Health and wellness

Housing stress is harming Hongkongers’ mental health

More respondents say their living environment has ‘serious and moderate negative impact’ on their mental state, although overall well-being seems to have improved

PUBLISHED : Friday, 27 October, 2017, 11:25am
UPDATED : Friday, 27 October, 2017, 1:46pm

Housing is becoming a bigger source of stress for Hongkongers, with more respondents saying their living environment has “serious and moderate negative impact” on their mental health, a government survey has found.

However, overall mental well-being improved from last year. The annual Mental Health Month campaign survey, conducted in July and August with 1,000 people aged 15 and above, concluded that Hong Kong’s mental health score was 59.75 out of 100, up from 56.31 in 2016.

Researchers said this was a “significant improvement”.

The survey was based on a World Health Organisation (WHO) index that measures a person’s current well-being and quality of life, and indications of depression. A score below 52 is considered unsatisfactory.

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The survey found that the top three causes of stress affecting mental health came from work, school and social problems.

But researchers also noticed that housing woes were causing more stress than before. Some 8.6 per cent of those polled said their living environment had “serious and moderate negative impact” on their mental health, up from 5.6 per cent last year.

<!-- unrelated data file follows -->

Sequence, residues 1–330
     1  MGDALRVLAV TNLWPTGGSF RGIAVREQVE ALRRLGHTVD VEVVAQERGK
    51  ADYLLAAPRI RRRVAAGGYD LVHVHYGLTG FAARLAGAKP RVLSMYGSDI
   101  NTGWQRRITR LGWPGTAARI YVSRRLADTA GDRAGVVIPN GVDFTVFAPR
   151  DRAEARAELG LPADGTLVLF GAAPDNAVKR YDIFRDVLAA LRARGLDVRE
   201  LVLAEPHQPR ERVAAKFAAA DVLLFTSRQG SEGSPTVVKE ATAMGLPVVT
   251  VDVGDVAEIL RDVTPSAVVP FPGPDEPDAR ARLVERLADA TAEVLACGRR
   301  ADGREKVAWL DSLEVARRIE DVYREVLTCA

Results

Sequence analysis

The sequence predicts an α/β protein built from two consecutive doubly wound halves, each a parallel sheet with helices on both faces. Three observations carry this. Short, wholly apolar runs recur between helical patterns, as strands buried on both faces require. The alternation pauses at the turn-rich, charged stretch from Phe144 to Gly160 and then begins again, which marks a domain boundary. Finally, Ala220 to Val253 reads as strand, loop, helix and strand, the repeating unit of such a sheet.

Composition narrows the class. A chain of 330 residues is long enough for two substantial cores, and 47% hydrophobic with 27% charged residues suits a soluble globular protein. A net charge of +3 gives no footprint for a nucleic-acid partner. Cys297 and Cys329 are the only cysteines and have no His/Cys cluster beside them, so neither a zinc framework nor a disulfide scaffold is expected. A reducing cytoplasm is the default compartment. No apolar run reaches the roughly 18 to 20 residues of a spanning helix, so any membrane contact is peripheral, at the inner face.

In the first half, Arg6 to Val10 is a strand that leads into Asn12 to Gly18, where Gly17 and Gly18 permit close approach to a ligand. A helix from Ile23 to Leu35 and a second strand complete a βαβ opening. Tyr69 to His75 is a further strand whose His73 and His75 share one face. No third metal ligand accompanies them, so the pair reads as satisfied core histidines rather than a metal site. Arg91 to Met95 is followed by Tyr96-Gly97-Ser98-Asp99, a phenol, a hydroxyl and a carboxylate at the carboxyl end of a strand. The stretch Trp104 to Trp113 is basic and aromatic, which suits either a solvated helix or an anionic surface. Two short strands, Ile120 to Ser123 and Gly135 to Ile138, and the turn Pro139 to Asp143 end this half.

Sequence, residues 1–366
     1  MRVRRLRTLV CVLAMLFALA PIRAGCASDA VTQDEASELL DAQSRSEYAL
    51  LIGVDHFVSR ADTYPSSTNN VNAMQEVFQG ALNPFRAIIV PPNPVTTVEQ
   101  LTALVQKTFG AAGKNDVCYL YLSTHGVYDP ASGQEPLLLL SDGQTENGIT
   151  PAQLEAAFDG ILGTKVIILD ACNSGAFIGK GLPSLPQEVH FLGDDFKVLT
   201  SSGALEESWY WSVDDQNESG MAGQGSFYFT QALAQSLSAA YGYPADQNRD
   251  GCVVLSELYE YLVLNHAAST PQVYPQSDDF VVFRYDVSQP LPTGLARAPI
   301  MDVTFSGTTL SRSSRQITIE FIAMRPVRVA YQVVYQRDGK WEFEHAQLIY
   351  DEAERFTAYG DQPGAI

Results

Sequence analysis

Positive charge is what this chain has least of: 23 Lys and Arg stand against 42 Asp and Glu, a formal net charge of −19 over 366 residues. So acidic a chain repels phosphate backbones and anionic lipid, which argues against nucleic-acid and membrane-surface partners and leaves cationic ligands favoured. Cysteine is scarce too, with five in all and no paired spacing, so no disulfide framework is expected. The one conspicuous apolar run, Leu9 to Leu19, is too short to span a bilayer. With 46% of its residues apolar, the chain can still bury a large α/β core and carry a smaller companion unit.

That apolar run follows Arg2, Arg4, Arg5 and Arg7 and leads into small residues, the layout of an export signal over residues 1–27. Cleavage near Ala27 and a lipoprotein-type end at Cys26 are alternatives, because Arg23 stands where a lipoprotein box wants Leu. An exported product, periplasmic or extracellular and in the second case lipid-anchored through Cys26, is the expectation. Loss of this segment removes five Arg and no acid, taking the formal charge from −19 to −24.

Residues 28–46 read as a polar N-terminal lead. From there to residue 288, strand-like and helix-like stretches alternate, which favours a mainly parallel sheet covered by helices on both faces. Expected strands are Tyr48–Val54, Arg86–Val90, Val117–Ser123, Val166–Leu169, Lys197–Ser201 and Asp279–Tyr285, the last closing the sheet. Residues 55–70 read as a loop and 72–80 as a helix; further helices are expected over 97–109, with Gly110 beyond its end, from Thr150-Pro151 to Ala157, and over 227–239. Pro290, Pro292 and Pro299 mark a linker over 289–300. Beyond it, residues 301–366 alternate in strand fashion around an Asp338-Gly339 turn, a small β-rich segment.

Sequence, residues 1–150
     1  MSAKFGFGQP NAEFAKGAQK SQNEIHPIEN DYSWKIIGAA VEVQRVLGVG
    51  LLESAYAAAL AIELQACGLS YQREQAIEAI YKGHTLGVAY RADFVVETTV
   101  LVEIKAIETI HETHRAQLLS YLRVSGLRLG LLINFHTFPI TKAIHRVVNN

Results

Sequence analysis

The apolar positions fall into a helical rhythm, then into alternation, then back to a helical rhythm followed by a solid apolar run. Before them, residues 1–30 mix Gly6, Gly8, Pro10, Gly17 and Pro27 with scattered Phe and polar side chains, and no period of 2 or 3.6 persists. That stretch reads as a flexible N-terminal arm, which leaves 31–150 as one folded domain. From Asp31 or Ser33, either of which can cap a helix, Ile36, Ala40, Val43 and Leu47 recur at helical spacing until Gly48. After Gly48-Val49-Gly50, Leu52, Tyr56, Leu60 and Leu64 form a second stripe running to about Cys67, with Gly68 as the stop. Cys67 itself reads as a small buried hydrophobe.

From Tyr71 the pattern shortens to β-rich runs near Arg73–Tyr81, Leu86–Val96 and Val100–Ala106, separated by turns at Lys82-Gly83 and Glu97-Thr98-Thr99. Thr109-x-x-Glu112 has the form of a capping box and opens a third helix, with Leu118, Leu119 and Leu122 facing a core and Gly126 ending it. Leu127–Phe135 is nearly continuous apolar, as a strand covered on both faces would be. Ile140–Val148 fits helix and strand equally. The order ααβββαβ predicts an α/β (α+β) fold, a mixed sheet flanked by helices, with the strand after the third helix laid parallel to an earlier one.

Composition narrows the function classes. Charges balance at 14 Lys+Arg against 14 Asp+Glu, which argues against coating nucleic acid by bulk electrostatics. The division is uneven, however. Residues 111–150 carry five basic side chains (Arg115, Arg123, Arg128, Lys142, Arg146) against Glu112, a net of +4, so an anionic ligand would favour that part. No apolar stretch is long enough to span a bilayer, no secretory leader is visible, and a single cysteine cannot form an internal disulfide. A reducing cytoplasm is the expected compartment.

Research team convenor Dr Ivan Mak Wing-chit said: “A good living environment is a basic need. Housing can be related to a lot of problems in Hong Kong, such as being forced to live in a really small space or not having enough money to buy a flat.”

The city is facing a housing crisis, with high property prices and rent rises far outpacing wage gains, and increasing instances of people squeezing into subdivided flats.

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Hong Kong’s property price index surged by 364 per cent from 2003 to last year. The wage index, before being adjusted for inflation, rose 49 per cent in the same period.

Mak, who also works as a psychiatrist, said he had dealt with patients who sunk into depression due to housing problems.

“It’s not just those who are unable to afford a flat who suffer. Actually, those who own a flat can have a considerable burden as well,” Mak said.

He gave the example of a woman in her 30s, who bought a flat but then lost her job. She fell into despair.

“She was so worried about not being able to pay the mortgage that she couldn’t sleep or eat properly. Her low confidence and high stress levels also meant that she was unable to perform well in job interviews,” he said.

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The woman’s situation did improve though; after several months of medication and counselling, she found a job and was able to cope with her monthly mortgage payments.

While the research team did not have a definite explanation for why the overall mental health score improved this year, they pointed to fewer respondents saying stress from school and social problems was affecting their well-being.